But it’s. So. Cold.
1. Get some new gear. A little lycra can go a long way. It’s called “enclothed cognition” – a scientific term describing the influence that clothes have on the wearer’s psychological processes due to the symbolic meaning of the garment. When you dress the part, you act the part; meaning if you look gym-ready, you will be. Investing in activewear (leggings, tanks, shoes, pads, etc.) for the big chill will motivate you to get out of the house and get moving. It’s science.
2. Make plans for the warmer months. This is a good one. Book a spring or summer vacation somewhere tropical, sign up for a marathon, or plan a two week hiking excursion. Maybe you want to lose 10 lbs before a week on the beach, or improve your stamina for a national park camping trip. Training for a marathon is its own beast. Impending commitments will help you visualize where you want to be physically and mentally by a certain date – and not to mention, you’ve already paid for it (hello, $600 plane ticket). Pressure’s on.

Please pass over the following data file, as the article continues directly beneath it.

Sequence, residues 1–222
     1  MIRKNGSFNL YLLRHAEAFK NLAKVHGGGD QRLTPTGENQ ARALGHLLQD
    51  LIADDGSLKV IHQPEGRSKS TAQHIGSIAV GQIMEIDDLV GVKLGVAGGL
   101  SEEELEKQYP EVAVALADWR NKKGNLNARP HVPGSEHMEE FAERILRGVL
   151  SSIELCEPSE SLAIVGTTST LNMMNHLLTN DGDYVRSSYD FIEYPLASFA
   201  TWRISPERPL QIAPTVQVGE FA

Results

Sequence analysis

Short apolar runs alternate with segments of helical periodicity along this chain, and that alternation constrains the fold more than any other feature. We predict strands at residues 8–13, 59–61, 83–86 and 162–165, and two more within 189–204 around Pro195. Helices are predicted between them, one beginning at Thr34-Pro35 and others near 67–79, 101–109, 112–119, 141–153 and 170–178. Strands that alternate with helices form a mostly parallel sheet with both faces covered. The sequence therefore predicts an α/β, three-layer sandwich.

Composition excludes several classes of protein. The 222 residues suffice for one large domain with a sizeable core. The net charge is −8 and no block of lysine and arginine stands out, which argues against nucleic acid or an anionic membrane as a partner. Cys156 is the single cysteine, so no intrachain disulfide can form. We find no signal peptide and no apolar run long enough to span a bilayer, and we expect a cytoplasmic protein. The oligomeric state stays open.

3. Take advantage of the weather. Take a break from couching a couple weekends a month and do something active with the crew. A brisk run, skiing, iceskating, snowboarding, hiking, and sledding are just a few cold weather activities that will warm you up in no time.
4. Get some new ear candy. You might be taking a break from sweets, but that doesn’t mean your ears can’t have a snack. Instead of listening to the same old mix while exercising, download a few new podcasts and tracks for your workout. A solid selection of tunes can spice up even the dullest fitness routine and have you looking forward to spending an hour at the gym.
5. Take it one day at a time. Whatever your goals are, focus on the day at hand and try to be patient. It’s natural to feel impeded by the miserable weather and overwhelmed by all the things you feel you haven’t accomplished. It’s OK to have an “off-day” or even a few — give yourself a break. Focus on the successes of the day, not your failures. Eventually, you’ll feel like the cold never bothered you anyway.
Source: The Huffington Post
November 18, 2015
Co-authored by Carly Alaimo, content manager at Avelist